Google Inc. (NASDAQ: GOOG), which has been the victim of censorship and cyber attacks in China, has decided to help smaller organizations to exist without similar attacks — at least to the extent to which it is able. It announced a new program to shield several categories of Internet sites.
The search company has to be praised for the initiative, which is one of very few actually and practically aimed at solving the cyber-attack problem.
Its announcement tells the story:
As long as people have expressed ideas, others have tried to silence them. Today one out of every three people lives in a society that is severely censored. Online barriers can include everything from filters that block content to targeted attacks designed to take down websites. For many people, these obstacles are more than an inconvenience — they represent full-scale repression.
This week, in partnership with the Council on Foreign Relations and the Gen Next Foundation, Google Ideas — our “think/do tank” — is hosting a summit in New York entitled “Conflict in a Connected World.”
The summit brings together “hacktivists,” security experts, entrepreneurs, dissidents and others to explore the changing nature of conflict and how online tools and can both harm and protect. We’re also assessing what might be done to better protect people confronting online censorship. With our partners, we will launch several new products and initiatives designed to help:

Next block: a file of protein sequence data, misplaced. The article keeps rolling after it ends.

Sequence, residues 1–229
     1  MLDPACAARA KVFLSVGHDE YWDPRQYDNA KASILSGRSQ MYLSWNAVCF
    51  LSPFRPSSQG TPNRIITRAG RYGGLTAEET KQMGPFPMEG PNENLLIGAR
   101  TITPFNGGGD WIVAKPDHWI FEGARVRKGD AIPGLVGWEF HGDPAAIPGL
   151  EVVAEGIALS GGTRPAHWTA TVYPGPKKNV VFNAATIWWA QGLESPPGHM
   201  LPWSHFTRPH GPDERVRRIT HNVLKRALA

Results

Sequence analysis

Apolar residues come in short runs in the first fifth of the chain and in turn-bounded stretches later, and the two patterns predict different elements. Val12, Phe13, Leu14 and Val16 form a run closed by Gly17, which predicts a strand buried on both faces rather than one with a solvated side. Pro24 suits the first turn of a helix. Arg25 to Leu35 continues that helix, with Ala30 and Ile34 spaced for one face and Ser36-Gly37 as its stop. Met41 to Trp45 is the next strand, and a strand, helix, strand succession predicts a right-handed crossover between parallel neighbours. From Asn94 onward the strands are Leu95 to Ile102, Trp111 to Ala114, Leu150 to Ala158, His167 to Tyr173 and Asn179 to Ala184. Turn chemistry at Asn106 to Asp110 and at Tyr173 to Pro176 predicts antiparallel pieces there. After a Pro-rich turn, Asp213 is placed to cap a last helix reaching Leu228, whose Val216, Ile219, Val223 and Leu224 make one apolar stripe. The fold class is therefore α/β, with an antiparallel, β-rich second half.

•Project Shield is an initiative that enables people to use Google’s technology to better protect websites that might otherwise have been taken offline by “distributed denial of service” (DDoS) attacks. We’re currently inviting webmasters serving independent news, human rights, and elections-related content to apply to join our next round of trusted testers.
•The Digital Attack Map is a live data visualization, built through a collaboration between Arbor Networks and Google Ideas, that maps DDoS attacks designed to take down websites — and their content — around the globe. This tool shows real-time anonymous traffic data related to these attacks on free speech, and also lets people explore historic trends and see related news reports of outages happening on a given day.
•uProxy is a new browser extension under development that lets friends provide each other with a trusted pathway to the web, helping protect an Internet connection from filtering, surveillance or misdirection. The University of Washington and Brave New Software developed the tool, which was seeded by Google Ideas. To learn more about the challenges uProxy aims to address, watch our video.
Information technologies have transformed conflict in our connected world, and access to the free flow of information is increasingly critical. This week’s summit — as well as Shield, the Digital Attack Map and uProxy — are all steps we’re taking to help those fighting for free expression around the globe.
Posted by Jared Cohen, Director, Google Ideas